It's D-Day for N Srinivasan and Chennai Super Kings.
Nearly a month after the Mudgal Committee submitted a detailed report indicting the BCCI president's son-in-law, Gurunath Meiyappan, for betting and passing match-related information during IPL 6, the Supreme Court will take up the case for hearing on Friday. Any adverse observation by the apex court could make life difficult for Srinivasan and the franchise owned by his company, India Cements Ltd.
It may be recalled that three Rajasthan Royals players, including World Cup winner S Sreesanth, were arrested for engaging in fixing-related activities last season. Further investigations revealed that Meiyappan, Kundra and a few others were also involved in nefarious activities.
The BCCI, on its part, set up a two-member panel comprising retired judges T Jayaram Chouta and R Balasubramanian to probe the matter. The committee, however, found "no evidence" of any wrongdoing on the part of Meiyappan and Kundra and gave them a clean chit.
Defending Meiyappan, CSK owner and BCCI president Srinivasan described his son-in-law as a "cricket enthusiast". He also clarified that Meiyappan had nothing to do with CSK. However, there was evidence to suggest that Meiyappan was indeed the face of CSK.
The Mudgal Committee suggested that "spot-fixing and betting" charges against Meiyappan need to be properly investigated by a government agency. Friday's hearing comes in the wake of several reports which have hinted that "there is need to probe the role of few Indian players, too".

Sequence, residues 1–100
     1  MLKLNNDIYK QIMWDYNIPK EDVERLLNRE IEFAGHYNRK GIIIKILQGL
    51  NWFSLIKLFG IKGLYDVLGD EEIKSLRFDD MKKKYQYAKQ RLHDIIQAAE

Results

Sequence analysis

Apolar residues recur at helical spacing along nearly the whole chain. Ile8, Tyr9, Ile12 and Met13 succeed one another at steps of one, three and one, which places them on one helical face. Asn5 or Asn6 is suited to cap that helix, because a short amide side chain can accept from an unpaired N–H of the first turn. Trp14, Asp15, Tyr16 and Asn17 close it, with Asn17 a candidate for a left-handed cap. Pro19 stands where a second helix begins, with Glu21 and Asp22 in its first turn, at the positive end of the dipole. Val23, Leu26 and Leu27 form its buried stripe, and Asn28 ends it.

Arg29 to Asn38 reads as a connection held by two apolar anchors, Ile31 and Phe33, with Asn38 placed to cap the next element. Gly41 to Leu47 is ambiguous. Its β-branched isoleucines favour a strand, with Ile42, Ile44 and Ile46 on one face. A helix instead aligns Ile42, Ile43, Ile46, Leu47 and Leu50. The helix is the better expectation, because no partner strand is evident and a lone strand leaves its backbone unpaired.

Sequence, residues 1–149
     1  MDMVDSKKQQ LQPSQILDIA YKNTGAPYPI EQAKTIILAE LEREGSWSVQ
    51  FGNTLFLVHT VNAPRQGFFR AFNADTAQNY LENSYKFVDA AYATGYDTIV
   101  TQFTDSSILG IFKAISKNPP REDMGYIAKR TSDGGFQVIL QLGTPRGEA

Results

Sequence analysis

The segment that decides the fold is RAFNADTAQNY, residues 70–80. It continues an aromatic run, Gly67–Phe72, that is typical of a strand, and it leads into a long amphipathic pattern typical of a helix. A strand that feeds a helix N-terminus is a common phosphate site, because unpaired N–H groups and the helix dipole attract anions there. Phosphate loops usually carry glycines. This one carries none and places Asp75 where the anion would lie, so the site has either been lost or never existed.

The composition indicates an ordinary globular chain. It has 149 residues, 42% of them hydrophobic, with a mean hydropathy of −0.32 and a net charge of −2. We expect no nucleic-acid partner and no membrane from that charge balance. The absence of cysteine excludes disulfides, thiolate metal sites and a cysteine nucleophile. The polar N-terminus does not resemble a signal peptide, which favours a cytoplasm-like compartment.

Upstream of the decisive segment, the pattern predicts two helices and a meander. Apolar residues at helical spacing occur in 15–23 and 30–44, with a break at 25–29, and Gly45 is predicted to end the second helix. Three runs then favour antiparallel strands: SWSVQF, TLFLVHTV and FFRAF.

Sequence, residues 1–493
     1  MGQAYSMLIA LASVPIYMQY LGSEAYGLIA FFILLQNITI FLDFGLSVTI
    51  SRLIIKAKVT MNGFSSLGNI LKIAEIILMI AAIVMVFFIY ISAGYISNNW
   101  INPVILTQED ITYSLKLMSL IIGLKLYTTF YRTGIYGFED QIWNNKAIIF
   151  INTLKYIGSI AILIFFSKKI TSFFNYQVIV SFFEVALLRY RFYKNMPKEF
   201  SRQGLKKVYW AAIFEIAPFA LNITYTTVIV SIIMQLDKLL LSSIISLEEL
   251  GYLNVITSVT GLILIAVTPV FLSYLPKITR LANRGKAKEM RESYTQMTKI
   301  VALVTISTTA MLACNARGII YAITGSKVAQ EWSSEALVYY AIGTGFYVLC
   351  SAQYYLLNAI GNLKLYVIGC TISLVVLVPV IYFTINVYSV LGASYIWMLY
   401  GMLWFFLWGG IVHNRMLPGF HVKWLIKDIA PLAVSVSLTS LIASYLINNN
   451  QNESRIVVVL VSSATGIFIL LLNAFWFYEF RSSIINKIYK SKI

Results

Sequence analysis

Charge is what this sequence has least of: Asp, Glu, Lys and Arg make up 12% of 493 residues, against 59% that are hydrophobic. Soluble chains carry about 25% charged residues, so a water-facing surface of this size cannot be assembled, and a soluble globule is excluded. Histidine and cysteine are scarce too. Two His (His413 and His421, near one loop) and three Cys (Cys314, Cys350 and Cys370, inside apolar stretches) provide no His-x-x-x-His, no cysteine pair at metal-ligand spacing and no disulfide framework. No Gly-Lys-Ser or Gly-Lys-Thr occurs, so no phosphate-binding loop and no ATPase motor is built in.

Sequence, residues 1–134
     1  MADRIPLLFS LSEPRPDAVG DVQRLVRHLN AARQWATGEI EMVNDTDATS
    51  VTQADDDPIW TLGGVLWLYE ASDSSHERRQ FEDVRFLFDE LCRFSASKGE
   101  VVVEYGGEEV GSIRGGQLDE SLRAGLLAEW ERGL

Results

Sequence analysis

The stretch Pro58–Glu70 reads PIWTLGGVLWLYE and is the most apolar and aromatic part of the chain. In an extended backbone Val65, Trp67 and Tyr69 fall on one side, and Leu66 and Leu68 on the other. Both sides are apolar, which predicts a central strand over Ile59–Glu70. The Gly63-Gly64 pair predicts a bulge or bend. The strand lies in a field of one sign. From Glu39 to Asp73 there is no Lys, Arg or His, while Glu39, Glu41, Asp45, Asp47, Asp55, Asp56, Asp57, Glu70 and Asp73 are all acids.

If the SC does indeed find Meiyappan and Kundra of wrongdoing, then the IPL governing council will find itself in a tight spot. According to Clause 11.3 of the IPL franchise agreement, "if any official, team owner or anyone associated with the team tarnishes the image of the league, the franchise can be terminated immediately".
I am as curious as you: Mudgal
Justice (retd) Mukul Mudgal was his witty self when dna contacted him on Thursday evening. When asked if he would keep a close watch on the Friday's developments, the eminent jurist who headed the three-member panel appointed by the Supreme Court to probe the IPL mess, said, "I am as curious as you. Like any person who makes recommendations, I, too, hope mine are accepted. But it's up to the honorable Supreme Court to accept or reject the observations." Does he consider himself privileged to have been given the task of cleaning up Indian cricket? "I don't look at it that way. Like most Indians, I am an avid cricket fan. I just did my job. So did the other two members of the committee," Mudgal said.